EDINBURGH - Scotland's justice secretary Monday defended his decision to free the Lockerbie bomber on humanitarian grounds in the face of severe criticism from the United States government and relatives of U.S. victims.

Addressing an emergency meeting of the Scottish parliament, Kenny MacAskill rejected suggestions from opponents that he had bowed to political or economic pressure.

But MacAskill, who freed Abdel Basset al-Megrahi on compassionate grounds because he is dying of cancer, criticized Libya for the celebrations that greeted his return to Tripoli.

A decision had to be made, MacAskill told the packed chamber in the Scottish capital. It was based on the law of Scotland, and the values I believe we seek to uphold. It was not based on political, diplomatic or economic considerations.

Relatives of U.S. victims have strongly condemned the Scottish government over its decision to release Megrahi, 57, the only person convicted of the bombing of the Pan Am jet over the Scottish town of Lockerbie in 1988, killing 270 people.

The British government has denied wanting Megrahi to be freed to bolster diplomatic and commercial ties with Libya, which has the biggest oil reserves in Africa. Oil giants BP and Royal Dutch Shell have signed big exploration deals with Libya.

Critics say the British government has allowed the Scottish authorities, which have devolved powers and a separate legal system, to take the blame for the release and has chosen not to make its own position clear.

Prime Minister Gordon Brown, whose ruling Labor Party lost to the Scottish National Party in elections in Scotland in 2007, has made no comment on the decision. His spokesman said it was a matter for the devolved Scottish government.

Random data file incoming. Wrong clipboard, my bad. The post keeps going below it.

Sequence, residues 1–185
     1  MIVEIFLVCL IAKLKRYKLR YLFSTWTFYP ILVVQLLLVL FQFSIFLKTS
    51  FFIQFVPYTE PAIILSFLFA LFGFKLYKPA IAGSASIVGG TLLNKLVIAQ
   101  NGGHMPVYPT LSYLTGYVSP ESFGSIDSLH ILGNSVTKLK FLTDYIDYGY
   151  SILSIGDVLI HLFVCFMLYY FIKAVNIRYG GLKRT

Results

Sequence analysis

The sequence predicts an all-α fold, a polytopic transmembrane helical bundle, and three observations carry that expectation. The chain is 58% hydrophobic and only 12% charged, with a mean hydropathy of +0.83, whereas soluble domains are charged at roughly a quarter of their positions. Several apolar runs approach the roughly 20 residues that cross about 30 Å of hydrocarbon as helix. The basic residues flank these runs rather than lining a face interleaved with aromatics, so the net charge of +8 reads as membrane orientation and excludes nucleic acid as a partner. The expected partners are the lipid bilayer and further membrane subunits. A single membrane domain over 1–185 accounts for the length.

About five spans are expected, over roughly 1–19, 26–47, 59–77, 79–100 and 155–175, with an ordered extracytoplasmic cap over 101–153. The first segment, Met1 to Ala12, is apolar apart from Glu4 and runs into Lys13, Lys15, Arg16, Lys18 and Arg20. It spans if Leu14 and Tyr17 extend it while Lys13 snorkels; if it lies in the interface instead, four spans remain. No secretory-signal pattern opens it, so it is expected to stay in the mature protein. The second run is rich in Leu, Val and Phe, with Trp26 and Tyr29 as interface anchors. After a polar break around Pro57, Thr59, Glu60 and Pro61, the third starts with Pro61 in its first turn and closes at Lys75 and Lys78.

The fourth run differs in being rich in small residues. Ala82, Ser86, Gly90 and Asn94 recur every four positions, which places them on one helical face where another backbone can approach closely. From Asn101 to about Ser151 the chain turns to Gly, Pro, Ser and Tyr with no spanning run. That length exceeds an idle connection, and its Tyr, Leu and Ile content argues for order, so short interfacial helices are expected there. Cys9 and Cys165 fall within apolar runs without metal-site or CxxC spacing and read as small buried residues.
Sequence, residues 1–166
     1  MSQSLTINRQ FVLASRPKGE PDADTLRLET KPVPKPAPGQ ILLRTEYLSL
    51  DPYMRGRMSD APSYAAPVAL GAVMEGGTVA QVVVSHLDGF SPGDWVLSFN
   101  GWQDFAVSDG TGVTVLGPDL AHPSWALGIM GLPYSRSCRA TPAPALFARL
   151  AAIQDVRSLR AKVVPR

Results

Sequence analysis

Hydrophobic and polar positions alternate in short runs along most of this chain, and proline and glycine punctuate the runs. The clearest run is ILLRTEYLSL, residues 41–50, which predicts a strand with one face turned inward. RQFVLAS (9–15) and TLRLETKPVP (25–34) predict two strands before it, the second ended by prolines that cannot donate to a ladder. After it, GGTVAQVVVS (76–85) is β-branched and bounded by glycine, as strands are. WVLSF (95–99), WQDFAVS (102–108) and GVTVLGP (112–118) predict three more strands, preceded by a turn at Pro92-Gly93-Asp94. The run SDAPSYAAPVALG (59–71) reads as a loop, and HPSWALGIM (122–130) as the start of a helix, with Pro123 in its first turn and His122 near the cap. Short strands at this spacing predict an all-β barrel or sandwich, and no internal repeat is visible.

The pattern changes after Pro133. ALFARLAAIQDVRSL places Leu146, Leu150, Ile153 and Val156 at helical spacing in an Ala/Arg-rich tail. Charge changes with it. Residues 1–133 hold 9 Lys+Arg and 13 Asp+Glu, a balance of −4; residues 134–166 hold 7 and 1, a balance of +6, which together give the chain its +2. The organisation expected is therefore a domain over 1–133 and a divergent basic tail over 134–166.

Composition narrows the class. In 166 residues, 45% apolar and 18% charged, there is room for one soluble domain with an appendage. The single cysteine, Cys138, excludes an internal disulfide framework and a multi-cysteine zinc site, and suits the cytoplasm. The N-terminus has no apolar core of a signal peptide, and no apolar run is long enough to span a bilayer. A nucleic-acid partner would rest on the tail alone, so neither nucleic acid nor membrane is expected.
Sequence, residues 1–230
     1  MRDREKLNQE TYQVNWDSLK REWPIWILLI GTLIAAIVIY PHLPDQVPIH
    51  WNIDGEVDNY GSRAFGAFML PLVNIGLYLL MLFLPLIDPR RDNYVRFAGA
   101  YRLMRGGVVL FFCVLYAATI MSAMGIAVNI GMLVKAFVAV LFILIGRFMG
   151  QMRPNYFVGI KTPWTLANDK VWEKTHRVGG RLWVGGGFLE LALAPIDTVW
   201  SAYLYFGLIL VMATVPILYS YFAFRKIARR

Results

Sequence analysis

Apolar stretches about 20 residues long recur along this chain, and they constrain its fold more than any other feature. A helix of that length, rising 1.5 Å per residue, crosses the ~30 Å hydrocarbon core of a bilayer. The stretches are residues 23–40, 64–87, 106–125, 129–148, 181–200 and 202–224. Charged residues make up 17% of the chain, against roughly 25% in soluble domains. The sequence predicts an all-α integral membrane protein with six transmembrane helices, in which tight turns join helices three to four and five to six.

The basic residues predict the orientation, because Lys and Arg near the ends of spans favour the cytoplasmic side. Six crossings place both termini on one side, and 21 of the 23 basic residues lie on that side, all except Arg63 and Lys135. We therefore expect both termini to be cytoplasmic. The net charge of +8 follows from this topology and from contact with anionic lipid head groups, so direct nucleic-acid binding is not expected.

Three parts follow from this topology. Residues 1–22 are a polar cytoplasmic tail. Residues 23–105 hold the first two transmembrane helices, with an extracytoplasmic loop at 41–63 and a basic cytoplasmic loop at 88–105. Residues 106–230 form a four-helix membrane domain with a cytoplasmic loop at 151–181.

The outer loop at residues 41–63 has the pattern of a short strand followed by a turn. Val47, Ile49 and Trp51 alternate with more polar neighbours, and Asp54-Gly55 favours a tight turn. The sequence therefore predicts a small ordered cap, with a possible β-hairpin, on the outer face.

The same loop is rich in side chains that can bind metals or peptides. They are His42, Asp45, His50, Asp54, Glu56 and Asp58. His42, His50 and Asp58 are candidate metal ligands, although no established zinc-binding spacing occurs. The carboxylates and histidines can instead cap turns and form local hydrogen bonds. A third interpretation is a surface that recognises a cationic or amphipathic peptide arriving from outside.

Megrahi flew home from Scotland Thursday and was greeted in the Libyan capital by more than 1,000 people cheering and waving Libyan and Scottish flags.

Many of the Lockerbie victims were Americans. Critics of the Scottish decision have set up a website urging Americans to boycott Scotland. U.S. tourists are the leading overseas visitors to Scotland by number and spend about 257 million pounds ($424 million) a year, more than any other nationality.

The White House underscored its anger Monday over the welcome given to Megrahi, but stopped short of saying its relationship with Tripoli had changed.

The President's view is that...it was disgusting to see a convicted terrorist welcomed the way that he was in Libya, Deputy Press Secretary Bill Burton told a briefing in Massachusetts, where Barack Obama is on holiday.

But in terms of our relationship, we will just work on a case-by-case basis on whatever is appropriate going forward.

U.S. State Department spokesman Ian Kelly said Washington had warned Libyan officials if they continue to lionize him in a public fashion...these kinds of public demonstrations can only have a profoundly negative effect on our relationship.

He told reporters in Washington it was early to say if the United States was considering concrete steps to punish Libya.
The United States lifted its major economic sanctions against Libya after Tripoli's decision in 2003 to give up the pursuit of weapons of mass destruction and its agreement to pay compensation for victims of the Lockerbie bombing.

MacAskill said he had sought a promise from Libya that it would handle Megrahi's return in a sensitive way.

It is a matter of great regret that Mr al-Megrahi was received in such an inappropriate manner, he said.

Iain Gray, leader of the opposition Scottish Labor Party, said MacAskill had mishandled this whole affair from start to finish, angering people at home and abroad.